I often meet this friend on the first day we get settled into a new duty station, and I am waiting in the office of Child, Youth & School Services on base, or the school, or at the hospital, trying to fill out forms. She offers to be my emergency contact, and not long later, we’re getting together for play dates and coffee. She’s the first person I call when I need someone to watch the kids so I can go to the doctor, and we routinely swap kids for date nights when our husbands are home. I can always lean on her when “home” is too far away. Before long, this friend becomes family.

The Wine Night Friend
This friend is always within walking distance…and for good reason. She comes to every event with a bottle of wine in hand, and doesn’t judge me for opening it during our summer play date in the backyard. She’s not too serious at first, but is willing to talk about the hard stuff after a glass or two. She’s often my confidant and closest friend.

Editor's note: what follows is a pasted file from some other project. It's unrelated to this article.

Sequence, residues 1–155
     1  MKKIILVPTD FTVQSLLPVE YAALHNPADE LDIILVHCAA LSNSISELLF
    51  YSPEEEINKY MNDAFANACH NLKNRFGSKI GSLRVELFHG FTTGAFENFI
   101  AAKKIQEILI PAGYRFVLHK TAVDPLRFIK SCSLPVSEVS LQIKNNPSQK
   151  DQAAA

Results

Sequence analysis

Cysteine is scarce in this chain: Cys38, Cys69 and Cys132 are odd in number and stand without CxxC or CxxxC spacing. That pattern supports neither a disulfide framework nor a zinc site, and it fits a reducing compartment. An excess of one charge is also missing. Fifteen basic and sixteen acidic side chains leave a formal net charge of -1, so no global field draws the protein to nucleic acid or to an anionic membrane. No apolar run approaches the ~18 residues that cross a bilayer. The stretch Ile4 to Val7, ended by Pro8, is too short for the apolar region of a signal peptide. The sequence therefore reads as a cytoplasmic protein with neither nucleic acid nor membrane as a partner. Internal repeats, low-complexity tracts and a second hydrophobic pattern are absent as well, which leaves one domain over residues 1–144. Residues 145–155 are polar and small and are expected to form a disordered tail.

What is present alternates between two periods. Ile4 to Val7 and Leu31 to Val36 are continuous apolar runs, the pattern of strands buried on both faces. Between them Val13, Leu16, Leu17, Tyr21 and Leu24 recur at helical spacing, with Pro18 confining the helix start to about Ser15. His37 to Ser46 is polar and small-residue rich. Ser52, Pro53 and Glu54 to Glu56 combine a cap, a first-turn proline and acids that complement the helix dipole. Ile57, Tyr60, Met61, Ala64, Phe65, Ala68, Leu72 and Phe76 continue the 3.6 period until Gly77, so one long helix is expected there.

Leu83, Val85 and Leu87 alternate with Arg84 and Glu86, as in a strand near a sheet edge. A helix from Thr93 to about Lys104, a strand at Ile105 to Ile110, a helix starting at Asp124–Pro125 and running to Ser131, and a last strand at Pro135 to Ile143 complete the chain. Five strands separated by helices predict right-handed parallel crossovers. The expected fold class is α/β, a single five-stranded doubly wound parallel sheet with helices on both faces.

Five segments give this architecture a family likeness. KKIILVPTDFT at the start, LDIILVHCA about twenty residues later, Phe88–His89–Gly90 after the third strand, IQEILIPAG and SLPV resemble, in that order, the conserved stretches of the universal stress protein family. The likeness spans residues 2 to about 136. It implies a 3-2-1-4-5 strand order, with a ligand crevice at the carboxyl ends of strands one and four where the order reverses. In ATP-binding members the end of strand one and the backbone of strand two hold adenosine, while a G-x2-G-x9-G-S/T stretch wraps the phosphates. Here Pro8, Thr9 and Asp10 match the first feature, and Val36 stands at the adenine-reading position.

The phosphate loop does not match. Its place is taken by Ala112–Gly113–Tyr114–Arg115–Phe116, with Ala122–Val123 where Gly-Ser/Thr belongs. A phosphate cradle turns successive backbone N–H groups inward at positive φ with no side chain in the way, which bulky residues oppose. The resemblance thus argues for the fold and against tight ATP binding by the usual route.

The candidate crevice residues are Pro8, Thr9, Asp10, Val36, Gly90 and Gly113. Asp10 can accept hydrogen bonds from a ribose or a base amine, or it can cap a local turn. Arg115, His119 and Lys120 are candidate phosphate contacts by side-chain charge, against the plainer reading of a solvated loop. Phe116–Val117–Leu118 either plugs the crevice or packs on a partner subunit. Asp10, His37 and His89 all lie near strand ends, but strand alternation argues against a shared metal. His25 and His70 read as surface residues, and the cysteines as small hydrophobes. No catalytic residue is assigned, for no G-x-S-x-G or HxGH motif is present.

The No-BS Friend
As nice as it is to have a friend who will sympathize with me, what I really need is a friend who is going to tell me to suck it up, encourage me to change out of my sweatpants, and get out of the house. This is often the friend who calls me on day three of a deployment, and helps me stop feeling sorry for myself. Some people may think she’s too rough around the edges, but she’s the perfect person to stop me from wallowing in self pity.

These five friends have been my support network in all the places we’ve lived on our military journey. I love them, appreciate them, and think they’re awesome. In a life where we have to rely on our tribe to get us through another day of deployment, a uncertain medical board process, or even a quick PCS across the world, I’m glad to have this bunch in my corner.